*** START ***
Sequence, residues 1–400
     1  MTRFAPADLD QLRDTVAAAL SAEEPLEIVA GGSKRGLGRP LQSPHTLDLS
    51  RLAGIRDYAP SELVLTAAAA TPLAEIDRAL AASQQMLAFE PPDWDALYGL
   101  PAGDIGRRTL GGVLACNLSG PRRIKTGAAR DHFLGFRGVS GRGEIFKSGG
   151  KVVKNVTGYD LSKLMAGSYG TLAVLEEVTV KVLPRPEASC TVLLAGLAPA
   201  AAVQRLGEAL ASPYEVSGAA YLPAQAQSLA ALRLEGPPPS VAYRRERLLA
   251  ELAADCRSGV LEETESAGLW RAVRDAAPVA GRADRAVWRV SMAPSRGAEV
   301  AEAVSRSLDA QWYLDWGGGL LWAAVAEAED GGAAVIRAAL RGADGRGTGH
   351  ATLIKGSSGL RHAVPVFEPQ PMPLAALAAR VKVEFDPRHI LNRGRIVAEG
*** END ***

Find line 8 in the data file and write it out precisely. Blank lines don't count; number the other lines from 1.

   301  AEAVSRSLDA QWYLDWGGGL LWAAVAEAED GGAAVIRAAL RGADGRGTGH